Shifting Our Perspective from How to End the COVID-19 Pandemic to How to Manage it
Authors: Sima Sobhiyeh, Ph.D.; Alexander Stemer, M.D. Infectious disease; Joe Kurland, M.P.H., C.I.C.; Anna Foley, Leah Shaffer, Ph.D.; Sarah Ali, M.P.H.; Yasamin Saidi, Falaq Ghafur
As we wait for the COVID-19 pandemic to end, we are beginning to realize that it is probably not going away any time soon. Many countries still have only a small number of their population vaccinated.
Over 20 countries have vaccinated less than 1% of their population. Over 50 countries, including Egypt, most of South America, Pakistan, South Africa, Thailand, and India, have vaccinated less than 10% of their population. Only 33 countries, including the US, have vaccinated at least half of their population. With these low global vaccination rates and highly contagious variants of COVID-19 quickly becoming dominant, we need to shift our perspective from how to end this pandemic to how to make it a manageable part of our lives.
COVID-19 testing and vaccination are two critical components of managing COVID-19. With the Delta variant accounting for over 98.8% of COVID-19 cases in the US, the best way to ensure adequate detection and minimize false positives among COVID-19 variant cases is by testing for three proteins using RT-PCR analysis. Vaccination is another critical step in managing COVID-19. Approved vaccines protect against severe disease, hospitalization, and death caused by the Delta variant. However, vaccines have significantly lower effectiveness in preventing symptomatic illness. For example, the Health Ministry of Israel announced that based on close surveillance from June 20 to July 17, the effectiveness of the Pfizer vaccine against infection versus hospitalization was 39% versus 88%.
This means that vaccination will help keep you alive and out of the hospital, but it will not necessarily keep you from infection, having symptoms, or spreading the virus to others. As a result, we still need multiple layers of safety solutions to provide adequate protection until we reach herd immunity. On the other hand, as vaccination hesitancy lingers and approval for pediatric vaccinations is still in progress, herd immunity remains out of reach.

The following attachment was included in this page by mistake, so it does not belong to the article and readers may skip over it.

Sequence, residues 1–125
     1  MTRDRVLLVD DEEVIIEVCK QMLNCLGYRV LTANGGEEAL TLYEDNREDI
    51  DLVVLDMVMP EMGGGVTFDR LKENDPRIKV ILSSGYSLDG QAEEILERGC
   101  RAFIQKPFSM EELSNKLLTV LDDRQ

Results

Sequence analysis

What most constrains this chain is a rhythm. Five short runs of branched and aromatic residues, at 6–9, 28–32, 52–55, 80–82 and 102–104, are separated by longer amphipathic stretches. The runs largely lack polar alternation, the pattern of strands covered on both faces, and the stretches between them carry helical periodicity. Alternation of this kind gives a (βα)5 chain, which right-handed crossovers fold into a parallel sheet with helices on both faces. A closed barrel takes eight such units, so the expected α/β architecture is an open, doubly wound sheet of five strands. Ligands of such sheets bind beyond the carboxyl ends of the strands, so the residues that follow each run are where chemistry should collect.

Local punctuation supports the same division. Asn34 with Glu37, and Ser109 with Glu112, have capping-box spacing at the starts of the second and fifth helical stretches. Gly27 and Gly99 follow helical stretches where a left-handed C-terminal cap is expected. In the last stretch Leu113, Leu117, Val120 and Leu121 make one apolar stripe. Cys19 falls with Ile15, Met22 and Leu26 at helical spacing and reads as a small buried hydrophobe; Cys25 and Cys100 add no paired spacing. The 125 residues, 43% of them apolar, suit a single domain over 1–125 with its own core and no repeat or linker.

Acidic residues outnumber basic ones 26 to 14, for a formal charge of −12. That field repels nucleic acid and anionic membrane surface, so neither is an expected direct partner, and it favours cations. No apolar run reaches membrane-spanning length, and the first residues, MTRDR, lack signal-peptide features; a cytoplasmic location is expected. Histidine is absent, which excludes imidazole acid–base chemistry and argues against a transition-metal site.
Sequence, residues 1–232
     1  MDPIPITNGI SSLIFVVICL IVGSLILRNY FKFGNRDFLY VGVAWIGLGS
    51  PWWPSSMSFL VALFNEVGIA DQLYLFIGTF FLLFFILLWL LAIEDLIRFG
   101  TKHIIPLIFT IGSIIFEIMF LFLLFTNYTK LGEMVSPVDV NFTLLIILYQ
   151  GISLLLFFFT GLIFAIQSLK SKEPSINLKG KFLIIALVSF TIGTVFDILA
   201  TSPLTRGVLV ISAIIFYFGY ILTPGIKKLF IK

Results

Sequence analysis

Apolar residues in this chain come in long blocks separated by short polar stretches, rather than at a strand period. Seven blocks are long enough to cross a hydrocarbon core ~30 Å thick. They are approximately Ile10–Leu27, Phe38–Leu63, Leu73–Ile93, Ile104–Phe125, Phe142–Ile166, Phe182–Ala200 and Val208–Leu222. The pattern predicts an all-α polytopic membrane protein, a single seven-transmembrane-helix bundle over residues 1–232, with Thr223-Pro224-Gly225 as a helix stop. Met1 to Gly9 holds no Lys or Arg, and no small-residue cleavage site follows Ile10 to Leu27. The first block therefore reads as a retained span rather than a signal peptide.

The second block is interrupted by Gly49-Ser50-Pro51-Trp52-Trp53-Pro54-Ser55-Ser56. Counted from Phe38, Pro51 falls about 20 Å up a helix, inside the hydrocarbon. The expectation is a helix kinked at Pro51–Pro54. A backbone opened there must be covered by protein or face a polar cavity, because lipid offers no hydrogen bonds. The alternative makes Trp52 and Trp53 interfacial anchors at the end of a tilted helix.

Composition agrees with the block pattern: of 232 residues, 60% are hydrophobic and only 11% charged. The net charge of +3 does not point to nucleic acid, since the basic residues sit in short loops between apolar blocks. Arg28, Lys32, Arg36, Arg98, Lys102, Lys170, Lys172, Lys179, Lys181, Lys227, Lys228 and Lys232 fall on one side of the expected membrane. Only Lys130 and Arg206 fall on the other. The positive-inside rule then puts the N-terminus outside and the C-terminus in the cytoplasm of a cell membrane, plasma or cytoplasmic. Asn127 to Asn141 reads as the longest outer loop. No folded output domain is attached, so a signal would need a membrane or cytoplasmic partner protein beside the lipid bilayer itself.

“Herd Immunity” Now Harder to Achieve with the Delta Variant
The initial COVID-19 strain has evolved many times. Currently, in the US, the Delta strain is the most dominant. The genetic component of the Delta variant is different from other variants as the P681R spike protein in the Delta variant may lead to an increase in viral load in the nose and throat.
This means those infected with the variant carry an increased amount of the virus, positioning the variant to be more easily released into the air, potentially infecting close contacts. The Delta variant is roughly 100% more transmissible than the original COVID-19 strain and has also led to increased reports of post-vaccination transmission.
As a result of this higher transmissibility, new estimates suggest that to reach “herd immunity,” about 80%–90% of the population now needs to be vaccinated, rather than the original estimates of 60%–70%.
We Must Adopt Layers of Safety Solutions Against COVID-19
Given the complexity of the situation, it is important to adopt layers of safety solutions against COVID-19. These include limiting contacts with infected individuals via physical distancing and reducing the transmission probability per contact, in addition to testing and vaccination.
Studies show that increased state-level social distancing policies, including prohibiting social gatherings, non-essential business closures, and stay-at-home orders, have been associated with a 29% reduction in COVID-19 incidents and a 35% reduction in COVID-19 mortality.
Moreover, a retrospective case-control study from Thailand and a study on an outbreak aboard the USS Theodore Roosevelt both concluded that consistent masking during high-risk exposures reduces the risk of acquiring infection by over 70%.
Multiple layers of safety solutions are required to control the spread of COVID-19 and the more contagious Delta variant. In addition to vaccination and RT-PCR testing with at least three proteins, preventive measures such as masking, social distancing, and proper air ventilation are needed to keep unvaccinated and younger family members safe until herd immunity is reached.
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